Skin Care Routines


Are you looking for a new facial cleanser? If you don’t know where to start, you might feel overwhelmed by the sheer volume of choices.

While every part of the world experiences a unique climate, most people deal with weather changes throughout the year. In the same way that your wardrobe changes to accommodate warmer or cooler temperatures, your skin care routine should change too. While many skin care staples (including cleanser and SPF) won’t go away, experts say you should consider products with different textures to keep your complexion healthy no matter the time of year.

We surveyed over 1,140 people to learn the average skin care routine. While nearly 400 people washed their face sparingly throughout the week, another 300 washed at least twice daily. Read on as we look at the most popular facial cleansing products for men and women and how many consider sunscreen a necessity or an inconvenience.


Unlike the clinical advice found on Superdrug Online Doctor, the internet is full of skincare solutions that aren’t based on medical studies and haven’t been reviewed by real doctors. Several popular recommendations (including only using SPF when it’s sunny out or exfoliating blemishes) can be flat-out wrong.

Over 41% of our respondents washed their face daily, while 24% washed their face more than once a day and 35% reported occasionally cleansing throughout the week. As we found, women were twice as likely as men to wash their face more than once a day. While there’s no consensus from experts or dermatologists on the exact frequency with which you should wash, it’s important to recognise that not all skin care advice will apply to you.

Skin Care Routines

Among women, the three most used products included foaming cleanser (about 46%), facial cleansing wipes (almost 43%), and water (nearly 38%). In addition to these skin care products, women used gel cleansers (over 35%), water-rinsable creams or lotions (under 22%), and bar cleansers (around 21%).

Men may take a more minimalist approach to skin care. A little over 54% of men used water, followed by foaming (34%) and gel cleanser (31%). 47% of women used three or more facial products daily – including over 15% who used five or more products – whereas 40% of men had no skin care routine. Respondents were also more likely to commit to cleaning their face in the evening than in the morning.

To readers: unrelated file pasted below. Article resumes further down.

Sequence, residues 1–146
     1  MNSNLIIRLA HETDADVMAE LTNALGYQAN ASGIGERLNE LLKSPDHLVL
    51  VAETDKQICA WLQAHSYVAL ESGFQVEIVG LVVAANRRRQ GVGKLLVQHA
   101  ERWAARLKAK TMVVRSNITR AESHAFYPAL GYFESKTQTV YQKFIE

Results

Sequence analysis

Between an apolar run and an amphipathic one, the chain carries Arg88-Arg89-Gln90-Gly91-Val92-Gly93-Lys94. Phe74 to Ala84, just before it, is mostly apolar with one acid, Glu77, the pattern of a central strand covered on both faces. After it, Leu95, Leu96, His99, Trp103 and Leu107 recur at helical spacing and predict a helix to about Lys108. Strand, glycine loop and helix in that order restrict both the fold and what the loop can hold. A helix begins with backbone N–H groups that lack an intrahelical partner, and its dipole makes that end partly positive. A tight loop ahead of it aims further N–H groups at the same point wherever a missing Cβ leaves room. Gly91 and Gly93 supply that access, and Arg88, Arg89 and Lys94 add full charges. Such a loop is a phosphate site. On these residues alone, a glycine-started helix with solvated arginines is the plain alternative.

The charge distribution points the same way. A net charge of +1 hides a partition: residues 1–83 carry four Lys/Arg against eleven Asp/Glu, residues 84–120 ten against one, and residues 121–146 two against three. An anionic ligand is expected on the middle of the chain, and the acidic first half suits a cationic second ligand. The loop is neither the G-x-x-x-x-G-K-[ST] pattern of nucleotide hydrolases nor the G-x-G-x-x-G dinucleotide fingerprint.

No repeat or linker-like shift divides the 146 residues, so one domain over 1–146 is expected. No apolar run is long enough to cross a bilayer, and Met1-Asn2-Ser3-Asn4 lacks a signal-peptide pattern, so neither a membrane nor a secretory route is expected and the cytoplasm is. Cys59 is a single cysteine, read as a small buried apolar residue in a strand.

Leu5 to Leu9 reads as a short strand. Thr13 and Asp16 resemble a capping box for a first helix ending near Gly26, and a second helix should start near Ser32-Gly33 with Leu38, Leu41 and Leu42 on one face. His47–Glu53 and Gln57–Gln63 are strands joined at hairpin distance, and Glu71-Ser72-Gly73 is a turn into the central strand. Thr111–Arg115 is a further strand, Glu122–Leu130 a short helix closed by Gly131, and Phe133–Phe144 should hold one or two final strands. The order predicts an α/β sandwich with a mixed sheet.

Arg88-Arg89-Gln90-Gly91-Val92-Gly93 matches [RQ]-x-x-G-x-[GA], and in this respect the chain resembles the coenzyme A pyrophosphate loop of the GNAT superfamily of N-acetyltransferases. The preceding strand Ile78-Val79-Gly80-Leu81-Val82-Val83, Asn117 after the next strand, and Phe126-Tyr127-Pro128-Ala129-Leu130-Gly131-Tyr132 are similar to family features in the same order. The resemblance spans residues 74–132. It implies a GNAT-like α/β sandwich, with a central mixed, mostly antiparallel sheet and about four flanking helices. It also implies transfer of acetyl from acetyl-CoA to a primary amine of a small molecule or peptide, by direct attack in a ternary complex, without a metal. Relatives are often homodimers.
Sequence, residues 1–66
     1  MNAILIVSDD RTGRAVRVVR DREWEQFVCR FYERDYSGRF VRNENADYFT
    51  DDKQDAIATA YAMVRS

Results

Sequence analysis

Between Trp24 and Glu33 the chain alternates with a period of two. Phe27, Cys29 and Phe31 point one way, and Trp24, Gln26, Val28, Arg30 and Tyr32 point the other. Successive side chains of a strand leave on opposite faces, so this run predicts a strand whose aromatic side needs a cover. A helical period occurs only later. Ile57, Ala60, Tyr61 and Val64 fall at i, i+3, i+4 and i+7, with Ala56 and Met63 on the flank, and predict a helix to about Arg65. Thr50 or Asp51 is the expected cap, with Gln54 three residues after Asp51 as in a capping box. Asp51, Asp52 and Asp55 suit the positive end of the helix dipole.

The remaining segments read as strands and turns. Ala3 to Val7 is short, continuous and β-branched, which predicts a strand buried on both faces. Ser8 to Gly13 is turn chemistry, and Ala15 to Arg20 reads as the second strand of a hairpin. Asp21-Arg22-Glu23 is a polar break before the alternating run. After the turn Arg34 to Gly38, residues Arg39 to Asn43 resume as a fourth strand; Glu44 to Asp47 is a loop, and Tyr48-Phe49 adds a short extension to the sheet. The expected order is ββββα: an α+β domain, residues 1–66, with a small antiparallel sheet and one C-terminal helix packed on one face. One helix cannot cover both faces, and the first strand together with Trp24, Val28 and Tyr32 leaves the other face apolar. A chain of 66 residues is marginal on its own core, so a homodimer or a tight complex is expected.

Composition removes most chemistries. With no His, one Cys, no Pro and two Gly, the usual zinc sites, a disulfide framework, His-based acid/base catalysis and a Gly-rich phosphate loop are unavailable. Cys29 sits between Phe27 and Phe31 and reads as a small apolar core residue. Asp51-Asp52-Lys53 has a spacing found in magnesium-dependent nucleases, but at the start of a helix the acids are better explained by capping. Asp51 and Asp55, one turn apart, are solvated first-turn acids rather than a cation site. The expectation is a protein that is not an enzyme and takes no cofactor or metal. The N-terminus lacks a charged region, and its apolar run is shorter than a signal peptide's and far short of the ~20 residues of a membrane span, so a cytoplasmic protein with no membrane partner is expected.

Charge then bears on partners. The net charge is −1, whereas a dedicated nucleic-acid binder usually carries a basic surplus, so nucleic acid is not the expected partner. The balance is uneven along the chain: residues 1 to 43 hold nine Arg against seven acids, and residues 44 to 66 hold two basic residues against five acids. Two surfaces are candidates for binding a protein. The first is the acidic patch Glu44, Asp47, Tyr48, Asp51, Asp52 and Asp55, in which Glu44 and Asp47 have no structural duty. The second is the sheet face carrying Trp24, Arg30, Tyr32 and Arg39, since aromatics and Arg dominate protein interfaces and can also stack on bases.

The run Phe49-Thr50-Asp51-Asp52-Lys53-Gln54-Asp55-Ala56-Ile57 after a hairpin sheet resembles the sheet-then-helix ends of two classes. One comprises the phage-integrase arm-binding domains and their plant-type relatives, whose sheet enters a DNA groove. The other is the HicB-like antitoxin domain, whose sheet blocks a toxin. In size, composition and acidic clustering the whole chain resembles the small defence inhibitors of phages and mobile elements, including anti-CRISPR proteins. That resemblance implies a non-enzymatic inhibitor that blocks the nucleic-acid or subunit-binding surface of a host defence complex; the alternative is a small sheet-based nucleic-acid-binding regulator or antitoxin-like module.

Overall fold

Even though ‘skin care’ seems to imply products and cleansing routines, experts suggest “skip-care” is sometimes the best for a quality skin care routine and only 15% of us actually need a daily moisturiser. Applying too many products or over-cleansing your skin can break down its natural layers of oil and moisture. Instead of giving yourself a natural glow, too many steps in your routine can lead to inflammation, clogged pores, acne, and flaking.


Although it’s false to say you don’t need to wear sunscreen regularly because the sun isn’t shining as brightly, your skin care routine should change based on the climate. Cooler weather with less humidity typically requires transitioning from lightweight moisturisers to heavier skin creams. Similarly, if you spend more time in the harsh, central heating at home, it’s important to drink extra water to avoid inflammation and redness in your complexion.

Seasonal skin changes, by gender

Fifty-six percent of respondents, including 65% of women and 46% of men, experienced seasonal changes in their skin. Of those, 59% of women and 49% of men adjusted their skin care routine due to the climate. More than half of those polled said their oil production increased when it was hot outside, and 32% said warmer temperatures triggered an increase in acne as well. In contrast, 83% identified drier skin during cold, cloudy, or low-humidity conditions.